Dust in the Construction Area: The risks become even clearer

The growing evidence base about dust

For decades, research has shown that long-term exposure to dust in the construction area has life-threatening consequences. However, this doesn’t mean that we know the whole story. As research advances, industry professionals are gaining deeper insights into the hazards of working in dusty environments. Recent studies suggest that the health risks associated with dusty work sites in the construction industry may be more severe than previously understood. Ensuring a safe work environment is crucial not only for the well-being of construction workers but also for safeguarding productivity. Adopting best practices in dust management and safety protocols is vital to protect workers’ health and maintain efficient operations.

Inhaling small amounts of dust over a long period can cause lung cancer, chronic obstructive pulmonary disease (COPD), silicosis, asbestosis and asthma. Symptoms often appear many years after exposure, so the links between cause and effect are not always obvious. Recent research has examined data sets spanning longer time periods, so they have been able to get a better understanding of the full impact of exposure to construction dusts.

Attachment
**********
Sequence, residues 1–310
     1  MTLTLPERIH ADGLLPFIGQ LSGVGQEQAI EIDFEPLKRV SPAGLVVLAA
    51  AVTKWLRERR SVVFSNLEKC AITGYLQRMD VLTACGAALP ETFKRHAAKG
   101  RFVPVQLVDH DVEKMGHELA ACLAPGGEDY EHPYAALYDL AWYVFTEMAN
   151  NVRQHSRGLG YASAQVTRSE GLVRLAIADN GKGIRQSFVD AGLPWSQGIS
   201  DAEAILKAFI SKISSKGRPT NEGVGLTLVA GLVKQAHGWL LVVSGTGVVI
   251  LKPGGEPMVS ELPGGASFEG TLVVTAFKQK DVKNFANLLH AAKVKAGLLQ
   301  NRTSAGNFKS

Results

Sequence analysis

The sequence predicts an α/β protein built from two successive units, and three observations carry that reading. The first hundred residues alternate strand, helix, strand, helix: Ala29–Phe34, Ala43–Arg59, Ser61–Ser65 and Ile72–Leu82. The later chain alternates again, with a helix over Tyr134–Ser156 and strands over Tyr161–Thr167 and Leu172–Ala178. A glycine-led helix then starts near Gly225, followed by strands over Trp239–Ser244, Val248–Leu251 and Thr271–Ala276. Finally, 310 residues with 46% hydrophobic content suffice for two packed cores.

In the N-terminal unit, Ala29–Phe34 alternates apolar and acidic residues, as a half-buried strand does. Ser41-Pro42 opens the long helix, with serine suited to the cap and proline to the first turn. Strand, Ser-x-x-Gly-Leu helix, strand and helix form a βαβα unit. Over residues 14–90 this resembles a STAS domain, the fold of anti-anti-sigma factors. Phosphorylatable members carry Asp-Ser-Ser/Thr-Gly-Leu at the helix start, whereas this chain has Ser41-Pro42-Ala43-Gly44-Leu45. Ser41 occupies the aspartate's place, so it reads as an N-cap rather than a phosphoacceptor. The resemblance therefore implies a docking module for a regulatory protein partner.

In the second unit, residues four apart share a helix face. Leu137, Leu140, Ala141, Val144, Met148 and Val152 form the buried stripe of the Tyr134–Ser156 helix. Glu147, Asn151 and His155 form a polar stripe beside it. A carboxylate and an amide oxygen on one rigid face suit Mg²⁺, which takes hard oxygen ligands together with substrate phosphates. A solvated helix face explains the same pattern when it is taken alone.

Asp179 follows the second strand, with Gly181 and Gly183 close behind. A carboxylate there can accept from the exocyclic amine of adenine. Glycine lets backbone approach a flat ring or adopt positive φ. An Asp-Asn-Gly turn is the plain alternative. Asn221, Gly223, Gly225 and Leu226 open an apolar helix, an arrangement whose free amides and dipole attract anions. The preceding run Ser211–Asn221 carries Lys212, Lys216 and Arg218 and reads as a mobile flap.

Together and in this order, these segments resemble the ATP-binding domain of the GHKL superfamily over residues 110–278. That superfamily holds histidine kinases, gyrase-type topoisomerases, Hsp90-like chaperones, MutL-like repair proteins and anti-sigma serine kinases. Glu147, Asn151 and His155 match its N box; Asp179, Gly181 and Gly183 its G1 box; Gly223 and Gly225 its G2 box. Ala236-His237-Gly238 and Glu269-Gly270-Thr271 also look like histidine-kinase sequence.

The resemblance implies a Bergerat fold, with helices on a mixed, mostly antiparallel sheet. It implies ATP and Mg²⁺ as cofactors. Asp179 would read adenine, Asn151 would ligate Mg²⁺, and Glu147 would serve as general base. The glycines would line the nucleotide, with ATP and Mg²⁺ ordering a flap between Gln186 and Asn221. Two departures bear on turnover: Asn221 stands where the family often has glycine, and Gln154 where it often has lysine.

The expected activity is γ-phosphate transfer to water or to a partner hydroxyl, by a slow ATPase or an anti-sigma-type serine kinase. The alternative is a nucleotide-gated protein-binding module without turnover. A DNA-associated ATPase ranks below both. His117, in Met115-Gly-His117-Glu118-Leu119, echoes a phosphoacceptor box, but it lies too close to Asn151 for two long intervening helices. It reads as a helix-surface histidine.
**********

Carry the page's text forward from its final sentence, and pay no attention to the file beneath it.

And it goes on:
New findings about chronic obstructive pulmonary disease

A lot of this new research has focused on COPD. COPD is a chronic disease that obstructs airflow. In 2010, the World Health Organization identified it as the third leading cause of death worldwide (1). Apart from smoking, workplace exposure to dust is the biggest driver of COPD, with one survey calculating that 14% of cases are attributable to occupational exposure (2). Other research has recommended that legislation needs to be reevaluated to make sure that workers are kept safe (3).

You should note that this research is only about COPD – exposure to dust in the building industry is linked to several other medical conditions. The impact is so profound that the UK government recently stated that construction workers have historically, “been at greater risk of developing cancer from their work than any other industry group”(4).

Why is construction so dangerous?

In some work environments, it’s obvious which activities produce dust, so maintaining a safe workplace can be relatively straightforward. It’s a more complicated story in the building industry. Construction involves multiple simultaneous processes, releasing hazardous particles from various sources. The numerous tasks that lead to dust exposure make it difficult to maintain a safe working environment.

If you have a dust problem – Dustcontrol have an extraction solution

For example, working with materials such as concrete, stone and masonry can expose workers to crystalline silica dust. Cutting, drilling, grinding, or sanding these materials is likely to release particles into the air, and exposure to silica dust is associated with conditions like silicosis, lung cancer, and other respiratory diseases.